"We often hear an active manager can position the portfolio ahead of a market decline to insulate the portfolio," says Todd Schlanger, Canadian senior investment strategist at Vanguard, who authored the report.
That may be true sometimes — but not consistently so.
"There doesn’t seem to be any pattern to when managers will out- or underperform."
Schlanger says one reason for variability is "most things that change market direction in a significant way are unanticipated, so repositioning a portfolio ahead of those movements is extremely difficult."
Overall, the myths listed in the report focus on how active management is superior to passive strategies. Yet that doesn’t mean active management is a false investment god either.
In fact, the report also tackles the misconception that passive strategies are better.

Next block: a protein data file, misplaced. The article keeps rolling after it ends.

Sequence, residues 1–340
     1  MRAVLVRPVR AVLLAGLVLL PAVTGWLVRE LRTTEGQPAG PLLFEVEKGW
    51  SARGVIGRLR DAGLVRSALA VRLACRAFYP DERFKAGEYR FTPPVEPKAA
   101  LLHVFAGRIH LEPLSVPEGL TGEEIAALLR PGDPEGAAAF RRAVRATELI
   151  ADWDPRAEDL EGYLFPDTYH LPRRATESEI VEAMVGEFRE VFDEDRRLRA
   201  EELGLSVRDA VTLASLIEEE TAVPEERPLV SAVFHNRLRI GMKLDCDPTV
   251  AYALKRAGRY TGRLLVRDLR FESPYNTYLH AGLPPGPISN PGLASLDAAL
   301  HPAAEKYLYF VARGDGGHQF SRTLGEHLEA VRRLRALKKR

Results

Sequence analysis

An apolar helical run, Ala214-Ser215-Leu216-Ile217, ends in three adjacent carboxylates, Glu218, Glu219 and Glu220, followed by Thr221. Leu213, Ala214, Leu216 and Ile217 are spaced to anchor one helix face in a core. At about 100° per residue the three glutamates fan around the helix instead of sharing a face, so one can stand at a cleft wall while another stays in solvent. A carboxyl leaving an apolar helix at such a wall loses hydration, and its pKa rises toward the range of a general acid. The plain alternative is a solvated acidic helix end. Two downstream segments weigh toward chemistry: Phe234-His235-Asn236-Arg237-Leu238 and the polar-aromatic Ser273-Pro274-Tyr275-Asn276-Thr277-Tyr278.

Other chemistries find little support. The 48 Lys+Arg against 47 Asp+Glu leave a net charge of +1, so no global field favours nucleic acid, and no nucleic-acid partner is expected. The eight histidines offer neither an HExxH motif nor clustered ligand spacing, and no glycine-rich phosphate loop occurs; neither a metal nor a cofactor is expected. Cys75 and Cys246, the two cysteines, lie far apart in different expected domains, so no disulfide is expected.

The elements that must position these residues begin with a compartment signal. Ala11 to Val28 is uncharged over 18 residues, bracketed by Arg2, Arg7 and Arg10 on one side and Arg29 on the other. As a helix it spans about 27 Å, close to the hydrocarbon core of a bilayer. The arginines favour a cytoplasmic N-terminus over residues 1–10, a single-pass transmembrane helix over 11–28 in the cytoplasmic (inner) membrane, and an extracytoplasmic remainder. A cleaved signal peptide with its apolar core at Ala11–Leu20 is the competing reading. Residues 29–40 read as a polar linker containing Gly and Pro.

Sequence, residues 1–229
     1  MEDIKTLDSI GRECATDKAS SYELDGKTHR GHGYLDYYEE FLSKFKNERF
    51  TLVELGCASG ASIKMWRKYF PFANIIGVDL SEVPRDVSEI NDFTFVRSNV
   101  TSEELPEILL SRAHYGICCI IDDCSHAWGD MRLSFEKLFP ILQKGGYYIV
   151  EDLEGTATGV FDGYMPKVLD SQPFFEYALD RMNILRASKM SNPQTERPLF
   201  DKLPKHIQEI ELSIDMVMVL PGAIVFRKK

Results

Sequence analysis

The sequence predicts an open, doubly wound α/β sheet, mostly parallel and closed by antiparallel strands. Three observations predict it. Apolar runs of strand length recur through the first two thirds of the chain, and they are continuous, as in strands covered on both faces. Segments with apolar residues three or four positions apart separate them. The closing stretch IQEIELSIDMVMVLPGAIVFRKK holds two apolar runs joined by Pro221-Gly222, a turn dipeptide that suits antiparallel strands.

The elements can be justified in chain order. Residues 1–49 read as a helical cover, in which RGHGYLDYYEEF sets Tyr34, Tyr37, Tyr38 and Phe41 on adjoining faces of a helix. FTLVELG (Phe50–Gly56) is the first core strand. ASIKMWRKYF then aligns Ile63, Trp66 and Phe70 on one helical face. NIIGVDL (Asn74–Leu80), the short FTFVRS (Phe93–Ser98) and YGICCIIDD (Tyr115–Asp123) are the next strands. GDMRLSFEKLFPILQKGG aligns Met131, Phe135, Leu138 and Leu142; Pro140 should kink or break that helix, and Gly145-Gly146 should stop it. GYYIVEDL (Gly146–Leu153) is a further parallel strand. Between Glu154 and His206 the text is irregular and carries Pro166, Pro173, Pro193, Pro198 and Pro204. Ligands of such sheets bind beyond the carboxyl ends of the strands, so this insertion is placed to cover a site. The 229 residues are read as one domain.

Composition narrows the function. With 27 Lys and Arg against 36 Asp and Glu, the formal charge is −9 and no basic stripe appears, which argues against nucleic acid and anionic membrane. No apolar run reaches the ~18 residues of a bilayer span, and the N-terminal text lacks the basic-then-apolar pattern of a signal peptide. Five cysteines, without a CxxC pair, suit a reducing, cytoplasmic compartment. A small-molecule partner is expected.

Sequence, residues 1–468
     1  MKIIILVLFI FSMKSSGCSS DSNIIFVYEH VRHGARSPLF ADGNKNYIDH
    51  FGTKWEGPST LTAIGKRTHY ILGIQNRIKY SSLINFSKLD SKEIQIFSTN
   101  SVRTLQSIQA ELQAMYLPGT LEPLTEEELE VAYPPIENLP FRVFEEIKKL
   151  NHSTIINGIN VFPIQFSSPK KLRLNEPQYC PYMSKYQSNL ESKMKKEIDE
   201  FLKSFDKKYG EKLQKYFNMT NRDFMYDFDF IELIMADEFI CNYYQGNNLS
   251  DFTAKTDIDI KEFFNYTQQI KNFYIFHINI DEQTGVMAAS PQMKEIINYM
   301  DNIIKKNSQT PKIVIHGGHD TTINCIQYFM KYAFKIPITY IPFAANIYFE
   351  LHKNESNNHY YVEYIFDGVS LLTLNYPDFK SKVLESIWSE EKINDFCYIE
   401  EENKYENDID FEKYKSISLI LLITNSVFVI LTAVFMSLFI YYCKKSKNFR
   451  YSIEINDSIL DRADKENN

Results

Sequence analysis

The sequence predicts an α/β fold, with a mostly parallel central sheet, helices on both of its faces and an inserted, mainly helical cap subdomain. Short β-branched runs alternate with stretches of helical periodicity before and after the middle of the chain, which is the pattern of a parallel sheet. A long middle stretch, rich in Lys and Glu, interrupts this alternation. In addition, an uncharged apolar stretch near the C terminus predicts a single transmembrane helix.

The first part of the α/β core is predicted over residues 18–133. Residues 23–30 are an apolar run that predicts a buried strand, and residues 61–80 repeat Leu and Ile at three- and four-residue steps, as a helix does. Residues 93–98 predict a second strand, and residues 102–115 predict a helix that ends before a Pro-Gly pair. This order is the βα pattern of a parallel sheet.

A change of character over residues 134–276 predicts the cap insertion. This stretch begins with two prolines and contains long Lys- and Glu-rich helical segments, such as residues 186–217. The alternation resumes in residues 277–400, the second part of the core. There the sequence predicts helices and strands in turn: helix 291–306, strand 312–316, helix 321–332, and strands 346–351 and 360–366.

Certainly, active strategies can be very effective, but they have long been offered in the format of mutual funds, which charge fees several times higher than an ETF using a passive strategy for the same market, Schlanger says.
Even Winnipeg portfolio manager Alan Fustey, who has long been among investment pro-fessionals in the passive camp, admits active management has value.
"It’s not one over the other," says Fustey, from Adaptive ETF, a division of Bellwether Investment Management Inc.
"It’s the combination of the two."
He points to how professional money managers often use index — a.k.a. passive — ETFs as core portfolio holdings because they are low-cost, diversified and easily tradable. Then they add active strategies like value (finding undervalued companies) to enhance returns.
Yet Fustey notes technological advances are quickly making the old way of delivering active strategies — mutual funds — dinosaurs.